Aren’t you trying to tell other people what to do?

Everybody is entitled to his or her own opinion, but freedom of thought is not the same thing as freedom of action. You are free to believe what ever you want, as long as you don’t hurt others. You may believe that animals should be killed, that black people should be enslaved, or that women should be beaten, but you don’t always have the right to put your beliefs into practice. The very nature of reform movements is to tell others what we should stop doing—don’t use humans as slaves, don’t sexually harass women, etc.— and all movements initially encounter opposition from people who want to continue the criticized behavior.

Animals don’t reason, don’t understand rights, and don’t always respect our rights, so why should we apply our ideas of morality to them?

An animal’s inability to understand and adhere to human rules of conduct is as irrelevant as a child’s. Animals are not always able to choose to change their behaviors, but adult human beings have the intelligence and ability to choose between behaviors that hurt others and behaviors that do not hurt others. When given the choice, it makes sense to choose compassion.

How can you justify spending your time helping animals when there are human beings who need help?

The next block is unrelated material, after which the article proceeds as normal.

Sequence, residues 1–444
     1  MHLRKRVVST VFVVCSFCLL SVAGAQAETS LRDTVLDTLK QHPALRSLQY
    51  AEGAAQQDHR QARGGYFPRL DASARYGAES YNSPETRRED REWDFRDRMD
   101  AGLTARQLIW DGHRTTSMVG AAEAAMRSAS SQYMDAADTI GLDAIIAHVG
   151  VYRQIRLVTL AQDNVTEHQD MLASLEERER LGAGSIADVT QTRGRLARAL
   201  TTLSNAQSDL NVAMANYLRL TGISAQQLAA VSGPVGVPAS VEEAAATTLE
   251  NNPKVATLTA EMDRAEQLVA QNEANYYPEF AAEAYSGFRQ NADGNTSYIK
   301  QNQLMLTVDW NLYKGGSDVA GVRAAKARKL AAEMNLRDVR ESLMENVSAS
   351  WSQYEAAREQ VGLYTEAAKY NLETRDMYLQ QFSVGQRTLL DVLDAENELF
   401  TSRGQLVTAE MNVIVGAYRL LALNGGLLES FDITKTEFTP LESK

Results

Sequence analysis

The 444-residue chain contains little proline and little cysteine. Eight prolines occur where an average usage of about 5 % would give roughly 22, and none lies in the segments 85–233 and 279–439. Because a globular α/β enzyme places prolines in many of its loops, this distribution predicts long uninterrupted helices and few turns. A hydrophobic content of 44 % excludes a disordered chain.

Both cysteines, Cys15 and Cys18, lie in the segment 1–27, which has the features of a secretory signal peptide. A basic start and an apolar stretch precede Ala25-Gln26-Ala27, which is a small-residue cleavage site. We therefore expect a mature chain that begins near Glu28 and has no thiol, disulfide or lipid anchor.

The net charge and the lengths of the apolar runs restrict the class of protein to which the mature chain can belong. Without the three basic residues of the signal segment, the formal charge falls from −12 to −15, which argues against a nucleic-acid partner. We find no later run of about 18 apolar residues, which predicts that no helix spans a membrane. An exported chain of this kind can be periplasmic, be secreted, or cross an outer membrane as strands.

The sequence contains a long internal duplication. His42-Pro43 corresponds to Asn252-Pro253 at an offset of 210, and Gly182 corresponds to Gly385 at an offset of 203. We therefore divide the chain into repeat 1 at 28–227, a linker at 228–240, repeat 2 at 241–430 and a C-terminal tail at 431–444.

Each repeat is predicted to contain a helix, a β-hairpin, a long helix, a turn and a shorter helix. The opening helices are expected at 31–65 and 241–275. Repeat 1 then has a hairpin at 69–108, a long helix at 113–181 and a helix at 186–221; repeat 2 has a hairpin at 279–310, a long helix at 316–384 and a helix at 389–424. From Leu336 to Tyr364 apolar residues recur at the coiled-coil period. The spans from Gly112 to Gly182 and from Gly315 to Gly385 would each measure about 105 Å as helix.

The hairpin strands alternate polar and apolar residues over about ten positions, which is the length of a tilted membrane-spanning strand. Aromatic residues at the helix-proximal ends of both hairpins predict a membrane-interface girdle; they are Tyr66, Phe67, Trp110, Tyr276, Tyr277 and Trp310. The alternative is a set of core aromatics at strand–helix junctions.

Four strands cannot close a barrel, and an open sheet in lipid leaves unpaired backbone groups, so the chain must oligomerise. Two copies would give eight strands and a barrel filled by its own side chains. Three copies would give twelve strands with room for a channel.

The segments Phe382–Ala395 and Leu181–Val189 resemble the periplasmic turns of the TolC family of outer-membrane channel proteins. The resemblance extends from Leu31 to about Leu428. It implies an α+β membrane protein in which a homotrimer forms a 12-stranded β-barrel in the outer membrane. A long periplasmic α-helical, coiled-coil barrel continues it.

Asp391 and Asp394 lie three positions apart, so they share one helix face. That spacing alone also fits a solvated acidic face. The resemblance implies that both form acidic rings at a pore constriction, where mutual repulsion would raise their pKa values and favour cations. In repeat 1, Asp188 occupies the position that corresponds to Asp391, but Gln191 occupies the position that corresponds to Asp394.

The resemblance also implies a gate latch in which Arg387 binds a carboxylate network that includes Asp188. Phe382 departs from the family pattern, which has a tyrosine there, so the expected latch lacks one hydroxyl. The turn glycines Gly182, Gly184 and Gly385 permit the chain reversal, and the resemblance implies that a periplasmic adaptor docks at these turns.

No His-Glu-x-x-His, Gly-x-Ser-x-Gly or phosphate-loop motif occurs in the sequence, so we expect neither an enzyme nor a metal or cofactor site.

It’s funny that football players or dry cleaners aren’t asked why they do what they do, even though there are humans that need help, but animal aid workers are! There are serious problems in the world that deserve our attention, and cruelty to animals is one of them. Helping animals is not any more or less important than helping human beings— they are both important and they are usually interconnected. Surely, everyone should be asked, "What are you doing to make this a kinder world in one way or the other?"

Animals are not as intelligent or as advanced as humans, so why can’t we use them?

Animals are intelligent in ways we are not, but possessing superior intelligence has never entitled one human to abuse another human, so why should it entitle humans to abuse nonhumans? Might does not make right. There are animals who are unquestionably more intelligent, creative, aware, communicative, and able to use language than some humans, as is the case when a parrot is compared to a human infant. Should the more intelligent animals have rights and the less intelligent humans be denied rights?

Excerpted from The PETA Practical Guide to Animal Rights by Ingrid Newkirk.
Copyright © 2009 by Ingrid Newkirk.
Published in June 2009 by St. Martin’s Press.

All rights reserved. This work is protected under copyright laws and reproduction is strictly prohibited. Permission to reproduce the material in any manner or medium must be secured from the Publisher.